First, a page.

Across the world, bridges are used as symbols of love and connection. Clifton Suspension Bridge is no exception, with many couples choosing it as a special place to mark key moments in their relationships, such as those who have chosen the famous spot to pop the question or declare their love. The Union is a new project inviting anyone with a personal connection to the bridge – from first dates to proposals and anniversaries – to add their story to a new online collection at theunion.cliftonbridge.org.uk.
The project is a collaboration between the team at Clifton Suspension Bridge Visitor Centre and Creative Strategist and Designer Emily Sorrell. The project has been supported by Art Fund’s Reimagine grant, which aims to help museums, galleries and cultural organisations better engage with their communities following the pandemic lockdowns.
Hello Emily! What is a Creative Strategist, and what does that involve?
“I have one of those jobs that changes in different contexts, so my job title is always evolving. In a nutshell, I work to find innovative engagement opportunities for museums and cultural organisations; Creative Anthropologist might be a better description, or perhaps Experience Architect! Typically, I work with museums to find opportunities for innovation, and then we work together to make them happen.”
How did the project with the Clifton Suspension Bridge come about?
“During the first lockdown, museums across the UK were forced to close indefinitely, and the future of our cultural sector was called into question. Wanting to offer support in my own small way, I wrote a love letter to the UK’s heritage organisations, offering free creative consultations to museums who wanted to use the unexpected intermission to re-imagine how they might approach things once they eventually re-opened. Laura, who runs the Visitor Centre, got in touch on behalf of CSBT, and the rest is history!”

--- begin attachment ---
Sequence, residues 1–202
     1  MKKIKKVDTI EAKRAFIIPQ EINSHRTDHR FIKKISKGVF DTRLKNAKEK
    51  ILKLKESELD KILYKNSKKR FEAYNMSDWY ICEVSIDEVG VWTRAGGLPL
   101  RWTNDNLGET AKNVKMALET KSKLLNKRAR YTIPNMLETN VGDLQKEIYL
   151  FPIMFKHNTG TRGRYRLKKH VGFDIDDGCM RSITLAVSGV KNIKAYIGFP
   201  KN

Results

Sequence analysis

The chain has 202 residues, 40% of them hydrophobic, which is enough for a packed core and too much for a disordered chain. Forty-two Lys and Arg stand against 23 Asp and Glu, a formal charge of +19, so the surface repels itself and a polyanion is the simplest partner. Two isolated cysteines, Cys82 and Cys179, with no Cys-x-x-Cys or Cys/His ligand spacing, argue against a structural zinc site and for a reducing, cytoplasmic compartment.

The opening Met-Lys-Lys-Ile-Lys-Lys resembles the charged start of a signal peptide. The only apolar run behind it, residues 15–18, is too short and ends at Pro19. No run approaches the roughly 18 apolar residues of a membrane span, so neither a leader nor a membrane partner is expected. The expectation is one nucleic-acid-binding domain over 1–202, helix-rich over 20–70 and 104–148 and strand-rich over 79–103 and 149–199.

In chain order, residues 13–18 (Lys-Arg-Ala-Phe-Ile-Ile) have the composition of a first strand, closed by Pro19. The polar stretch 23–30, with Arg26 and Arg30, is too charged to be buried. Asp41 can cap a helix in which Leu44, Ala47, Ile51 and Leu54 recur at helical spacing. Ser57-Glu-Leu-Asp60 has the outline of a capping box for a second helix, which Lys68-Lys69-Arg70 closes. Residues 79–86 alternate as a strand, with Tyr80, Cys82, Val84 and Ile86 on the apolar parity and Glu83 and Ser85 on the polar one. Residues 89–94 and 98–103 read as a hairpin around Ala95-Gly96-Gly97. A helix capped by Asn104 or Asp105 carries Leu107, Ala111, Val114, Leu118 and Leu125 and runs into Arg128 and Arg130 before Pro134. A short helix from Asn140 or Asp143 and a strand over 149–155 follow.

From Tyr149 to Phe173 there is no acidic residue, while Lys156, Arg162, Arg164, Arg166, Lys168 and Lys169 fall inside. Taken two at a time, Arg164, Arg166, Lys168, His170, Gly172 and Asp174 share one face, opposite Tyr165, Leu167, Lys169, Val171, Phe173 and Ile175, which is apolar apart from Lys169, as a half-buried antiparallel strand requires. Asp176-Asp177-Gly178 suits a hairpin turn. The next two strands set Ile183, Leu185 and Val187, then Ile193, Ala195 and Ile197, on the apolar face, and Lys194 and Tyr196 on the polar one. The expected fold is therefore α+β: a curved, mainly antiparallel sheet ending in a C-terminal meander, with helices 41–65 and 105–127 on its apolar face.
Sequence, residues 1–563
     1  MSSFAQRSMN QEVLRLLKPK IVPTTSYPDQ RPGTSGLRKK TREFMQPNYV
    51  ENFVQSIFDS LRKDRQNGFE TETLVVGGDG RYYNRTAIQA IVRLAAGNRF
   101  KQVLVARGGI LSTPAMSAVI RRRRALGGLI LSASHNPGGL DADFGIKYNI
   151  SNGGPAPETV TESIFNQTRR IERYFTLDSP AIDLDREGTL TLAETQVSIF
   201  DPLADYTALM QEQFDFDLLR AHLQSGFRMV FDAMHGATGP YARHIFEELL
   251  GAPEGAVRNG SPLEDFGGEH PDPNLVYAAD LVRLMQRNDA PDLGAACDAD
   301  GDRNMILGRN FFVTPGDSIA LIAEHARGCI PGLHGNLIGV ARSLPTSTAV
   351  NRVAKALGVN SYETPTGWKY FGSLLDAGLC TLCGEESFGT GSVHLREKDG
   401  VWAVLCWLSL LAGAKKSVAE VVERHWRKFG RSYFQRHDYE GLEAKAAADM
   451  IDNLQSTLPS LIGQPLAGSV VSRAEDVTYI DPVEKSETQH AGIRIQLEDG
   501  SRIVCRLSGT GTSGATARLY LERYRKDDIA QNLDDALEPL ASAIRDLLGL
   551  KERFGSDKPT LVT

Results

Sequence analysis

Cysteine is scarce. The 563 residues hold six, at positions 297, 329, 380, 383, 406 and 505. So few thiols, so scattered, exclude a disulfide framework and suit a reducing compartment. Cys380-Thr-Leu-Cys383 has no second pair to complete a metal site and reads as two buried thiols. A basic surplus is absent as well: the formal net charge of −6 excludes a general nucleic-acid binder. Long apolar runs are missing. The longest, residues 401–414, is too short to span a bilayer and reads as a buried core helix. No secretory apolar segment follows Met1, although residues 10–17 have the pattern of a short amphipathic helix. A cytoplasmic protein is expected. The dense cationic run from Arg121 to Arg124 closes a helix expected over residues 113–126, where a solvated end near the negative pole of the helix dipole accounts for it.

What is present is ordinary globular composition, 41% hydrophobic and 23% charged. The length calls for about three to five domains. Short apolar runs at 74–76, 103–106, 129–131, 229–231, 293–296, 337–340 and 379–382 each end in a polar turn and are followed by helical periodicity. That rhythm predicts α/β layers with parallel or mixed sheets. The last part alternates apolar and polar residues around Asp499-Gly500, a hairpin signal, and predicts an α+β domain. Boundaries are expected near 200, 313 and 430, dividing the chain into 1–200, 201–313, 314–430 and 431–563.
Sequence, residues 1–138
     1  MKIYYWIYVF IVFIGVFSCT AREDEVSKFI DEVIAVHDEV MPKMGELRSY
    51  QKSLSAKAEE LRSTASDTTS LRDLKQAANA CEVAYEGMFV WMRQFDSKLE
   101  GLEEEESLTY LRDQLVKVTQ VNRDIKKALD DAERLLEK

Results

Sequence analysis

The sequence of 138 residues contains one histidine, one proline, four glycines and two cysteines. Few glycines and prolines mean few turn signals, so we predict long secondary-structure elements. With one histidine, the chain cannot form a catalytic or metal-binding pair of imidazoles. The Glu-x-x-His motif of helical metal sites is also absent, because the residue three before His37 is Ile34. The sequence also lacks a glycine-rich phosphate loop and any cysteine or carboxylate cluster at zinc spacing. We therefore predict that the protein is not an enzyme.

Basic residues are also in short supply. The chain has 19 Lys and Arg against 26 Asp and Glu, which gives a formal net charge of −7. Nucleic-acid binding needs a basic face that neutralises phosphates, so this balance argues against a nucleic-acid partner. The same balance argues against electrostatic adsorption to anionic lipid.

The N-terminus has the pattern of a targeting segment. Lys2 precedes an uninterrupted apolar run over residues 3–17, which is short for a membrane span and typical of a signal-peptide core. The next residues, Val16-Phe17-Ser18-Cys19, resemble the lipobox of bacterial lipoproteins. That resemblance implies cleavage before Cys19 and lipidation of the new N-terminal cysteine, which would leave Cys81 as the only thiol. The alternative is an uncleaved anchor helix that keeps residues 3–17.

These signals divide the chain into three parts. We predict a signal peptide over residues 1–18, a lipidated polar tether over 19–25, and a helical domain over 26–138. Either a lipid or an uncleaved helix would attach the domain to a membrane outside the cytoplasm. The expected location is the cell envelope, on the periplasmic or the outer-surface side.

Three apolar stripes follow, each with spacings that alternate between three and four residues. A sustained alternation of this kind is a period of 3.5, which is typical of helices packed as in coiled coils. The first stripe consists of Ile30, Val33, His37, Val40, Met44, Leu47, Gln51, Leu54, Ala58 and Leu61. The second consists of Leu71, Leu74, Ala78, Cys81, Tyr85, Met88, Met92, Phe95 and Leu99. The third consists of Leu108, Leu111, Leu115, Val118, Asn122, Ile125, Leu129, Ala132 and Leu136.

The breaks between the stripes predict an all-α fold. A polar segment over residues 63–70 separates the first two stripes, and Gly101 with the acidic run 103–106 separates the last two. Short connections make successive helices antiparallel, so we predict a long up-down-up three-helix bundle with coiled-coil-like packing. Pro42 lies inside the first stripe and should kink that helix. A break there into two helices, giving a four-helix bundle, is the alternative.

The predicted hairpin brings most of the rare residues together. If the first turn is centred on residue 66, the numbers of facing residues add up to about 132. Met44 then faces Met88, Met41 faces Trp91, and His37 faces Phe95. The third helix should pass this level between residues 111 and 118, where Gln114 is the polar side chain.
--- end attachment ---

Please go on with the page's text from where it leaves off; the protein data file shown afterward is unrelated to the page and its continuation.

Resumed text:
Once the idea for The Union had been created, how did the project become a reality?
“Early on in our conversations Laura had mentioned in passing that the bridge is a popular place for couples, with regular proposals and first dates. The structure had stood, completely unchanged as people lived and loved around it for more than 150 years, and there was something about this idea of a hidden, anecdotal, and utterly human history of the landmark that kept drawing us back in.
Museums have often been centred around telling and teaching, but we knew this project would be first and foremost about listening and learning, gathering stories and memories of the bridge, sharing its complete history, in context. With the details of the concept ironed out, we gained funding through Art Fund’s 2020 Reimagine grant, designed to inspire creativity and increase stability for museums across the UK. We were delighted that the project was accepted onto the scheme, allowing us to experiment with this proposal and a new way of working, whilst meaningfully engaging with a broader audience.”
What has been your role in the project?
“Throughout this project I have had the pleasure of wearing a number of hats: leading design (creative and strategic direction), as well as project management. We are a small team working on the project, with Laura and I overseeing the bulk of the work, alongside the Trust’s archivist, Hannah. This is such an enjoyable and exciting way to work collaboratively, with everyone contributing and gaining skills in equal measure.
The visual system in particular was a joy to work on, with a beautifully understated aesthetic inspired by archival systems and newspaper clippings, carefully balancing a modern aesthetic with a vintage mood. I designed a custom logotype, working with ligatures to echo the sense of ‘union’ felt throughout the project. Jewel tones bring added interest when needed, against a primary palette of subtle paper whites.